Mataró (cat. Mataró) is the capital and largest town (resort) of the comarca of the Maresme, in the province of Barcelona, Catalonia Autonomous Community, Spain. It is located on the Costa del Maresme, to the south of Costa Brava, 30 kilometres north-east of Barcelona.
The city of Mataró has its origins in Roman times, when Iluro village was founded. Numerous archaeological remains of the Roman village have been found, especially in the old part of the city, where the foundations of Roman houses and sewer areas have been discovered. The oldest Roman road documented epigraphically on the peninsula is the one that connected the villages of Iluro and Ausa, built between 120 BC and 110 BC. In the Pla d’en Boet district, the remains of the Torre Llauder Villa, from the end of the 1st century BC, which was outside the walls of the ancient Iluro, are preserved.
The continued aspiration to get rid of feudal authority in the sixteenth century created a permanent defense of the town for the safety of its inhabitants. In 1480 King Ferdinand the Catholic granted the privilege of joining the Crown for good, which also represented the definitive formation of the municipality of Mataró. During the sixteenth century, the wall was completed.
In the sixteenth century, Mataró was a small town built around the church of Santa Maria and the Plaça Gran. Its progressive economic and demographic growth made necessary and at the same time possible the construction of a second wall and the incorporation of new urban spaces.
The Walls of Mataró built between 1569 and 1600 were designed by the royal engineer Jorge de Setara. Sections of the wall can currently be seen in Carrer Muralla dels Genovesos (recently restored), in Carrer Muralla D’en Titus and above the Camí Ral. There are also the remains of a wall tower in the courtyard of a private building on Hospital Street. The walling project of the town lasted more than thirty years due to the economic shortage and the disputes on the drawn up one of this one.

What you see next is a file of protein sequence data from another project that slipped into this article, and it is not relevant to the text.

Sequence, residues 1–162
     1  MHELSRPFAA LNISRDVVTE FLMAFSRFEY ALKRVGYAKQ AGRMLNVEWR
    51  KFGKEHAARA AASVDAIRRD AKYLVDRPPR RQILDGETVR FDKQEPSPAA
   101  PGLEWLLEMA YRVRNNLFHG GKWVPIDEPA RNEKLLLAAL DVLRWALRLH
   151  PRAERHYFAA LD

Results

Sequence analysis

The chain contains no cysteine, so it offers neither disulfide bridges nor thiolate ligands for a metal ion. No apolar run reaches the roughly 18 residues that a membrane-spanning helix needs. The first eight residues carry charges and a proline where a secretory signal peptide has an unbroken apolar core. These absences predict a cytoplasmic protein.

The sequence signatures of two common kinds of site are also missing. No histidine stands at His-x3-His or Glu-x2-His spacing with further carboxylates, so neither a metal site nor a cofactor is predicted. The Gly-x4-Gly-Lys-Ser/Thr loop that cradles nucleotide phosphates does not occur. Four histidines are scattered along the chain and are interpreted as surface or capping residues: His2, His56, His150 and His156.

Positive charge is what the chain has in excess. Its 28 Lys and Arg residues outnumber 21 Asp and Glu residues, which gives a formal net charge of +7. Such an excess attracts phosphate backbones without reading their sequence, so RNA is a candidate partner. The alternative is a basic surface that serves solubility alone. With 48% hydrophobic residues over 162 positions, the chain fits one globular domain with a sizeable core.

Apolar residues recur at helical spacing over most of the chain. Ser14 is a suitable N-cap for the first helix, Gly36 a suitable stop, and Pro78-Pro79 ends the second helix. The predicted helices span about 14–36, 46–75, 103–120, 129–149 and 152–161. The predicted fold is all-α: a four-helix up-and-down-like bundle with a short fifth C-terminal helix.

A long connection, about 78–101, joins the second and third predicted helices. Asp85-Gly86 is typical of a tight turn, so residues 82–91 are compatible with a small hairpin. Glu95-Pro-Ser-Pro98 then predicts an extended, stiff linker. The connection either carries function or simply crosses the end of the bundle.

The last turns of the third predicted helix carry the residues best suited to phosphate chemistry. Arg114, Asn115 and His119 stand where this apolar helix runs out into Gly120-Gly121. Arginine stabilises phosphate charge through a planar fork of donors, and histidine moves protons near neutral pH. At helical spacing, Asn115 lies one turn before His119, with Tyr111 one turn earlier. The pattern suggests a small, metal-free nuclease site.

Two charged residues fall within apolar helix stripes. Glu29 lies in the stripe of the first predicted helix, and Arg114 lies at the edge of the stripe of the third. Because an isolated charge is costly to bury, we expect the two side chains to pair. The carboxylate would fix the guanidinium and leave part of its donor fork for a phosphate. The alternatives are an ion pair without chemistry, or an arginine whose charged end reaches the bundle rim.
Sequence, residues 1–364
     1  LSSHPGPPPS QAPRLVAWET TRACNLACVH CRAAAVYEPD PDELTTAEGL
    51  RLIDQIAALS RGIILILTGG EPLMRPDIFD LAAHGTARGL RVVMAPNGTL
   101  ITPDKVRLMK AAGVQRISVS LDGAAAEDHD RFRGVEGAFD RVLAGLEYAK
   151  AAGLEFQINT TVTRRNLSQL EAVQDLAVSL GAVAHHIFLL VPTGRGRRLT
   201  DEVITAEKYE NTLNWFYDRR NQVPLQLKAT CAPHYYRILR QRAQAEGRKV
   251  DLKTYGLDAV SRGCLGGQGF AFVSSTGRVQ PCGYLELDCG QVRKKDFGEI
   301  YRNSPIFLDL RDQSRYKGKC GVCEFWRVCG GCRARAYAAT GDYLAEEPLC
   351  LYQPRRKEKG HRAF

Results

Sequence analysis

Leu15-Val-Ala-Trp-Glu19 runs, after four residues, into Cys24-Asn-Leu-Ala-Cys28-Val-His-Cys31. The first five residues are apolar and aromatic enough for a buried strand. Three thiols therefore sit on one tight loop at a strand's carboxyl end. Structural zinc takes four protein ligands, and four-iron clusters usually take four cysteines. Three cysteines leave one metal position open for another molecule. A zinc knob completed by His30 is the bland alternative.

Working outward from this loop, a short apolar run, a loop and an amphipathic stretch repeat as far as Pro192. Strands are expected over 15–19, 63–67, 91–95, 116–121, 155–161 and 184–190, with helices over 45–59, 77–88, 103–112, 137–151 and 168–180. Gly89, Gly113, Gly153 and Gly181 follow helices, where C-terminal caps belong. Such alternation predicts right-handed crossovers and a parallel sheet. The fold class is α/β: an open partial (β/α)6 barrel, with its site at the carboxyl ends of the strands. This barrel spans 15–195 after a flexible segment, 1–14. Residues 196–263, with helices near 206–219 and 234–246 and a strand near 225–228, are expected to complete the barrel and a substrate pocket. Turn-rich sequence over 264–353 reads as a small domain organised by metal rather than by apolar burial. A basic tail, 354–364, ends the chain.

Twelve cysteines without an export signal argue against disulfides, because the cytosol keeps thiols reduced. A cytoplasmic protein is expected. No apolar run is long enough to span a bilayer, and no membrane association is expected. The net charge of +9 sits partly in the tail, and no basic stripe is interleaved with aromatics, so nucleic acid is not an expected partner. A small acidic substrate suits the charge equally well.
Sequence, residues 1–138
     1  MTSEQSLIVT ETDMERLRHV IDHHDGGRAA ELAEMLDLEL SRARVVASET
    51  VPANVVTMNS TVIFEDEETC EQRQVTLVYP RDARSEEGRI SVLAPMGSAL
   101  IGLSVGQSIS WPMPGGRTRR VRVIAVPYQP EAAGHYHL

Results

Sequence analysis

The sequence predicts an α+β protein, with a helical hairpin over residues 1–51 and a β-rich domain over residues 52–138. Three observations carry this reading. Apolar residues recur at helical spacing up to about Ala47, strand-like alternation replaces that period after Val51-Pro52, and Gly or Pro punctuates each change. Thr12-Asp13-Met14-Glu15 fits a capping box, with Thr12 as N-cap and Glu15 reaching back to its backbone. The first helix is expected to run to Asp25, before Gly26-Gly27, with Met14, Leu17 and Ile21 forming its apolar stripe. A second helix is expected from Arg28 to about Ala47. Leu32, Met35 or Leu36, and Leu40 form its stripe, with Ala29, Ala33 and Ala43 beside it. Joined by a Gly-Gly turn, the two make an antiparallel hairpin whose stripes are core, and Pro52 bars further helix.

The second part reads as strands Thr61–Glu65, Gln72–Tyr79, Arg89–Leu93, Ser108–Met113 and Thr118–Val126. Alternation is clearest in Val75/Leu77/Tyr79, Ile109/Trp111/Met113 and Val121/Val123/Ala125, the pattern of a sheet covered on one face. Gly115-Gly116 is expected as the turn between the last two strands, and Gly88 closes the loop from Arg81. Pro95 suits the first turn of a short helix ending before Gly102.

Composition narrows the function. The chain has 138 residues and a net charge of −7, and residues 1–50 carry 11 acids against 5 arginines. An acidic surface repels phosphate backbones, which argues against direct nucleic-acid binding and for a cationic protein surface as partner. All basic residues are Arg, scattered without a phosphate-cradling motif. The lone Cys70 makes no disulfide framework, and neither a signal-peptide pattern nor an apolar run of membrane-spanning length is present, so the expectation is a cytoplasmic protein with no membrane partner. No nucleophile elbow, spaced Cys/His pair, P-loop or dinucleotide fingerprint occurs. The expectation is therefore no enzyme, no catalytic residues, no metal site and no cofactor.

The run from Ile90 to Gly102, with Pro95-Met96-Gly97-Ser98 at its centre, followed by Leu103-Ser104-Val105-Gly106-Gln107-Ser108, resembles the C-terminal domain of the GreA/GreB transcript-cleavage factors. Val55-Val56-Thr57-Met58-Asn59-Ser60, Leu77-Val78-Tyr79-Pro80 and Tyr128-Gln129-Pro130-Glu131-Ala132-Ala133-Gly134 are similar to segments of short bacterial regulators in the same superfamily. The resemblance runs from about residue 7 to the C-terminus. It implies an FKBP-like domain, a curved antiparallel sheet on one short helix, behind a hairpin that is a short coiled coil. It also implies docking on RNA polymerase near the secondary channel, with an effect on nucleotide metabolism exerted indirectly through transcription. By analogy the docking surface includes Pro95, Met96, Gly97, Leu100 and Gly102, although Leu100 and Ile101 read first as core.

The wall had seven portals and accesses, the most prominent being that of Barcelona (now Carrer Barcelona with Plaça Santa Anna), of which the coats of arms of the principality, Mataró and Barcelona are reproduced. The original coats of arms currently appear on the cell dedicated to San Sebastián. From the Valldeix portal you can still see the silhouette at the crossroads between La Coma and Sant Francesc d’Assís streets. The other portals were those of Argentona, Cabrera, Sant Josep, Sant Feliu, Pou de la Sínia and Penya d’en Roig or Portalet.
The industrialization of the city began in 1839, when the first steam engine was installed to power a textile factory. From that moment on, the textile sector, with an old artisanal tradition, was at the center of economic activity.
The capital of the Maresme experienced great industrial growth, which led to the arrival of thousands of immigrants. This arrival of immigrants became especially evident during the ‘60s and ‘70s, when tens of thousands of immigrants from Murcia, Andalusia and Extremadura (mainly), settled on the outskirts of Mataró, creating the neighborhoods of Cerdanyola, Cirera, Rocafonda and La Llàntia, among others. These neighborhoods were often far from the city center, as newcomers did not have enough money to be able to settle in the city center.
These new neighborhoods experienced very precarious situations, since the Mataro City Council did not pay any attention to them, and the inhabitants of the neighborhoods enjoyed a very precarious economic situation. During the 1960s, neighborhood associations appeared to improve the living conditions of their inhabitants and to demand the help of public institutions.
With the restoration of democracy, it was possible to improve the city’s infrastructures and achieve the connection between the different neighborhoods, with the approval of the General Ordinance Plan of 1977, and its revision, in 1993, projecting the Via Europa, an axis perpendicular to the coast, which connected the suburbs, previously far from each other, and also from the city center.
During the 1992 Summer Olympics in Barcelona, Mataró was the starting point for the marathon events.
Tourism, architecture and places of interest
Some of the most important cultural centers in the city are:
- Ateneu de la Fundació Iluro
- Ca l’Arenas. Centre d’Art del Museu de Mataró
- Can Marfà. Museu del Gènere de Punt
- Clos arqueològic de Torre Llauder, vil·la romana del segle i aC
- Museu de Mataró
- Museu Arxiu de Santa Maria de Mataró
- Nau Gaudí, seu de la col·lecció d’art contemporani català de Lluís Bassat
Outstanding architectural works